Study Finds Athletes Who Play Indoor Sports at Risk of Vitamin D Deficiency

mason basketball player

George Mason University in Fairfax, Virginia and the Mayo Clinic Health System Sports Medicine Research in Onalaska, Wisconsin conducted this collaborative study. They assessed vitamin D status among basketball players from the George Mason Patriots men’s and women’s teams.

FAIRFAX, VA ― College athletes participating in indoor sports, especially African-Americans, might be vitamin D deficient and put themselves at risk of injury or poor performance according to a study recently published in the journal Nutrients.

George Mason University  in Fairfax, Virginia and the Mayo Clinic Health System Sports Medicine Research in Onalaska, Wisconsin conducted this collaborative study. They assessed vitamin D status among basketball players from the George Mason Patriots men’s and women’s teams. During the 2018-2019 season, players were either allocated a high dose, low dose or no vitamin D, depending on their circulating 25-hydroxyvitamin D levels at the start of the study with the objective to identify the dosage of vitamin D3 supplementation required for optimal status.

According to, vitamin D is necessary for building and maintaining healthy bones. Without it, bones can become soft, thin and brittle and can lead to other medical issues down the road including osteoporosis as well as some types of cancer.  

“Many athletes are now engaging in supplementation and we don’t currently know what the optimal or safe amount of supplementation may be,” says Dr. Sina Gallo, assistant professor in Mason’s Department of Nutrition and Food Studies. “Prior studies that have addressed this topic typically report data from non-athletic, older populations. Because athletes may not get the necessary vitamin D through natural dietary sources, supplementation offers a safe, affordable, efficacious method to combat deficiencies. This may be particularly beneficial for athletes living at higher latitudes during the winter months.”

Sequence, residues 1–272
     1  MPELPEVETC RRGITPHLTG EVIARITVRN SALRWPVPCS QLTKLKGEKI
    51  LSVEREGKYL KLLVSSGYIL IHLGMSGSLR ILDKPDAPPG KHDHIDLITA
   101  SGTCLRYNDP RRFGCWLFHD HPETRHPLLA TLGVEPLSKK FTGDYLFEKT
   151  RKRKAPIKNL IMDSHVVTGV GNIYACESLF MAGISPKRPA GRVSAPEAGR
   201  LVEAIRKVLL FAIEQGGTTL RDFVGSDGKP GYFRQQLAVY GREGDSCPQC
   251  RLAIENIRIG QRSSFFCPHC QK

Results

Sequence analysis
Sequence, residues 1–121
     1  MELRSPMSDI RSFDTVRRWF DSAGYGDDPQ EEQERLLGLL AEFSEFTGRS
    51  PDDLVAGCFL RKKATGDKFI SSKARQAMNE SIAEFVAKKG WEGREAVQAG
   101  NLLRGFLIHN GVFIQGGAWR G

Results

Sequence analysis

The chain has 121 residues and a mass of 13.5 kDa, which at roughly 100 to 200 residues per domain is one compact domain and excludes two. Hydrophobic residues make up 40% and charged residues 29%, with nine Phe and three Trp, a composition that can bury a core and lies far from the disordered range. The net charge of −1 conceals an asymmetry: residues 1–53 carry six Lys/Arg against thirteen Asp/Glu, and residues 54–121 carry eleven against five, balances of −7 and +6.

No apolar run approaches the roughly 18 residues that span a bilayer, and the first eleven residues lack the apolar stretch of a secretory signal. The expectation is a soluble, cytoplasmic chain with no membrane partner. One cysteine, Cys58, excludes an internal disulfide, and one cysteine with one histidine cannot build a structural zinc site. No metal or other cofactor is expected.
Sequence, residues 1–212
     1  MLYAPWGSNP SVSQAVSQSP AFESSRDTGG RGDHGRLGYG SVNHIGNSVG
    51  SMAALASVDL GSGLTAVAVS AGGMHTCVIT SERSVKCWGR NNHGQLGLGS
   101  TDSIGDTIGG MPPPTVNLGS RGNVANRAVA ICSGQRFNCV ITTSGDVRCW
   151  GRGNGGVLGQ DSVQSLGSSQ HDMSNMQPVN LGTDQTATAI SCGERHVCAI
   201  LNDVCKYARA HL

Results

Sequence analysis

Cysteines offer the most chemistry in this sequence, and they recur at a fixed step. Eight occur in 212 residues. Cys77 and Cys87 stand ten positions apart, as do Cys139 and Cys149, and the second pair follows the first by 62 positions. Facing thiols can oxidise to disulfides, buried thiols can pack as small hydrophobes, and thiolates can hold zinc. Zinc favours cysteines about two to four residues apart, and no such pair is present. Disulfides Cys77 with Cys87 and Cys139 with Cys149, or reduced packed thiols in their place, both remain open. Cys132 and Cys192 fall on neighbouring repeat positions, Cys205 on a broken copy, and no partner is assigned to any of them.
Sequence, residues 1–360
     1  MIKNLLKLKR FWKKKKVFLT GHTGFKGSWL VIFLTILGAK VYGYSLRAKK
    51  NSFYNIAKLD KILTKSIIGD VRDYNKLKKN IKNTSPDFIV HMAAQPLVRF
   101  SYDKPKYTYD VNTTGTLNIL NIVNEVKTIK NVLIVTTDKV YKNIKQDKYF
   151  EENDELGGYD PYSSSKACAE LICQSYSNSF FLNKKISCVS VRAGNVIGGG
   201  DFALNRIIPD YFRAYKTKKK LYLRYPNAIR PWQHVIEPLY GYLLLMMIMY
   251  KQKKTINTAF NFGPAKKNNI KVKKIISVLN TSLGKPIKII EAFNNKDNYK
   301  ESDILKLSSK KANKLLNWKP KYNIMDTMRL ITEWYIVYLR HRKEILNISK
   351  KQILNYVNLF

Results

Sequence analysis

During the season, players were monitored regularly. Compliance to supplementation was assessed by the athletic trainers designated to each team. Each player’s body composition, skin pigmentation, sun exposure, dietary intake, and blood were collected during the study.

“Overall, our findings showed that 13 of the 20 (65%) participants were vitamin D insufficient at baseline,” says Dr. Margaret Jones, professor in Mason’s School of Kinesiology and sport scientist for the Frank Pettrone Center for Sports Performance. “This result is consistent with a recent systematic review and meta-analysis wherein 56% of a total sample of 2,000 athletes residing in nine different countries including the United States had inadequate levels of vitamin D.”

Of those sampled in the study, athletes with darker skin pigmentation exhibited heightened risk of vitamin D insufficiency at baseline, and none of the participants with fair or very fair skin fell into the insufficient category at baseline.

Nicole Sekel led the study for her master of science in nutrition thesis at George Mason University, mentored by Gallo and Jones. Sekel is interested in bone health as well as the optimization of athletic performance through nutritional intervention. She is currently pursuing a PhD in Rehabilitation Science at the University of Pittsburgh.

 “Albeit a pilot study with a small sample size to derive from, the current results provide further evidence of the high prevalence of vitamin D insufficiency among a sample of highly-trained, NCAA-DI basketball athletes,” says Dr. Andrew Jagim, Sport Medicine Research, Mayo Clinic Health System. “We, as authors, agree that a larger sample is warranted to aid in the development of screening protocols which will enable medical and sports nutrition staff around the country to identify key risk factors of athletes becoming vitamin D deficient.”

This research was funded by NOW Foods, George Mason University, and the Frank Pettrone Center for Sports Performance.

Media contacts:

  • Danielle Hawkins, George Mason University College of Health and Human Services and Department of Nutrition and Food Studies, Fairfax, Virginia 703-993-1931,
  • Maureen Lewis Nasser, Associate Athletic Director and Communications, George Mason University, 703-993-3263,
  • Mayo Clinic Health System: Rick Thiesse, Public Affairs, La Crosse 608-386-6865,

About George Mason University
George Mason University is Virginia's largest and most diverse public research university. Located near Washington, D.C., Mason enrolls 38,000 students from 130 countries and all 50 states. Mason has grown rapidly over the past half-century and is recognized for its innovation and entrepreneurship, remarkable diversity and commitment to accessibility. For more information, visit

About Mayo Clinic Health System
Mayo Clinic Health System consists of clinics, hospitals and other facilities that serve the health care needs of people in Iowa, Minnesota and Wisconsin. The community-based providers, paired with the resources and expertise of Mayo Clinic, enable patients in the region to receive highest-quality physical and virtual health care close to home.